Court name
Northern Local Division

S v Maniraho () [2020] NAHCNLD 120 (28 August 2020);

Media neutral citation
[2020] NAHCNLD 120






Case Title:

The State v David Maniraho

CR No.: 49/2020

Case No.: OH 226/2020


Division of Court:

Northern Local Division

Heard before: 

Honourable Ms. Justice Diergaardt AJ et

Honourable Mr. Justice January J


Delivered on:    

28 August 2020

Neutral citation:  S v Maniraho (CR 49/2020) [2020] NAHCNLD 120 (28 August 2020)

The order:

  1. The conviction and sentence are set aside.
  2. The matter is remitted to the Magistrate to enter a plea of not guilty in terms of section 113 of the Criminal Procedure Act, Act 51 of 1977 and for the case to follow its natural course.


Reasons for the order



[1]        This case came before me on automatic review. The accused herein was convicted of having contravened s 2(a) of the Abuse of Dependence-Producing Substances and Rehabilitation Centres Act 41 of 1971, dealing in cannabis and sentenced to seven thousand five hundred Namibia dollars or in default twelve (12) months imprisonment.

[2]        The accused was sentenced on 25 June 2020 and the record of proceedings was received by this court on 15 July 2020.


[3]        The accused was charged with having contravened s 2(a) read with, inter alia, s 10 of the Act. He was charged with an alternative charge of having contravened s 2(b), possession of dependence-producing drug or plant. It was furthermore not stated in the particulars of the charge that it would be presumed that the accused has been dealing in view of the fact that the weight of the dagga exceeded 115 grams.

[4]     The accused pleaded guilty and was questioned in terms of s 112(1) (b) of Act 51 of 1977. He admitted that he was in possession of 3.985 kilograms grams of cannabis. The accused’s explanation for the possession of the cannabis was that he met a man from Opuwo who informed him that it was medicine for his cattle and then told him to collect it from Oshikango. This owner of the cannabis promised to give him N$1000-00 for delivery and advanced him with N$200-00.He averred that he did not know what he was carrying. He acknowledge that the cannabis was in a bag he was carrying. He further submitted that he realized that it was cannabis when the bag was opened in his presence.


[5]     Amongst other concerns I queried the Magistrate on whether he was indeed satisfied that the accused admitted to dealing in cannabis or that the accused merely agreed that he was aware of such presumption. The Magistrate conceded that he could not have been satisfied that the accused admitted to all elements of dealing in cannabis and he should have given the accused the opportunity to rebut the presumption of dealing.


[6]     I also queried the Magistrate on the following question he posed to the accused; Do you admit or dispute that you dealt –in or possessed a dependence producing substance? I commented that the question is too general having elements of dealing, possession and knowledge of the substance. The magistrate’s answer was that the question should have been broken up in two sections as per main and alternative count.


[7]     The question is whether the magistrate was entitled to convict the accused of dealing.

[8]     I fully agree with the sentiment shared In S v Kuvare 1992 NR 7 (HC) where the court held that it is unfair not to inform the accused in the particulars of the charge that he is presumed, in terms of s 10(1)(a)(i) of the Act, to have dealt in the dagga because he was in possession of more than 115 grams of dagga.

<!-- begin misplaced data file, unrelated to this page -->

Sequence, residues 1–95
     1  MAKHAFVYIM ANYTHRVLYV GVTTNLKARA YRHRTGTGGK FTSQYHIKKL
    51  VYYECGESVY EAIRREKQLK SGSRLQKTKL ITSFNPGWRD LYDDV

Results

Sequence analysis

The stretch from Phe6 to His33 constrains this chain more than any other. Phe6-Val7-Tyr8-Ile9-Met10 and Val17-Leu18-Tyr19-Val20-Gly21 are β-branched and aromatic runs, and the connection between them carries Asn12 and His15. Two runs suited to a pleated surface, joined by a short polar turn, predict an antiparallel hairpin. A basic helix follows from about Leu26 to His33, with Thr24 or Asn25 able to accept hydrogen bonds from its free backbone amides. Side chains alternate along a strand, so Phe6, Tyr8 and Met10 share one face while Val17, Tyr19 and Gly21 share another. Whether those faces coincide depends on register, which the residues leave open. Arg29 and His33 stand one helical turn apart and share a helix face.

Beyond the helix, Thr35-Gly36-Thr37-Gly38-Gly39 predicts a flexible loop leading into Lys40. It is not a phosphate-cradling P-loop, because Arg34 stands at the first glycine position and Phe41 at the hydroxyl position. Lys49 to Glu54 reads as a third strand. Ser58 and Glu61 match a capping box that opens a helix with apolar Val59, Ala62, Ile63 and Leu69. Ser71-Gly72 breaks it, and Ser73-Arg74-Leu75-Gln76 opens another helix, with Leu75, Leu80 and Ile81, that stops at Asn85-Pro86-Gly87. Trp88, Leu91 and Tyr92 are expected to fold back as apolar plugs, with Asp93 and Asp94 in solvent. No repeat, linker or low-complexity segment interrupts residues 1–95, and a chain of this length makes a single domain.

[9]    I also agree with the finding in the  case of S v Rooi 2007 (1) NR 282 (HC) that the only way that the accused could present proof was by presenting evidence, which meant that he/she must be afforded the opportunity to do so under oath, either by giving evidence in person, or by calling witnesses. The prosecution must also be given the opportunity to cross-examine on the evidence presented by the accused. The accused could not attempt to rebut the presumption by means of answers during questioning in terms of s 112(1)(b) of the Criminal Procedure Act 51 of 1977.

[10]   It is clear from the record in casu that the accused persisted that he was not aware of what he was carrying but the magistrate persisted in asking ambiguous questions to the accused that prompted the accused to answer and say I admit”. The learned magistrate then recorded ‘the court is satisfied that accused has admitted to all the allegations in the charge and is found guilty as charged’. The fact of the matter is that the accused did not admit that he was dealing with cannabis. I am also not convinced that the accused being a layperson could have been aware of the said presumption of dealing and that it was his intention to admit to such a statement put to him. 


[11]     I am of the view that the accused did not admit to all elements of the offence of dealing. It is evident that he raised a defense of lack of knowledge which amounted to a lack of mens rea to deal or possess cannabis. In the circumstances the Magistrate should have recorded a plea of not guilty in terms of s 113 of Act 51 of 1977.

[12]    The conviction therefore cannot stand.

[13]      In the result the following order is made:

1.         The conviction and sentence are set aside.

2.         The case is remitted to the magistrate's court, Eenhana, in terms of s 312(1) of the Criminal Procedure Act, 51 of 1977, with the direction to act in terms of s 113 of the said Act and for the case to follow its natural course. 

Judge(s) signature


January J


Diergaardt AJ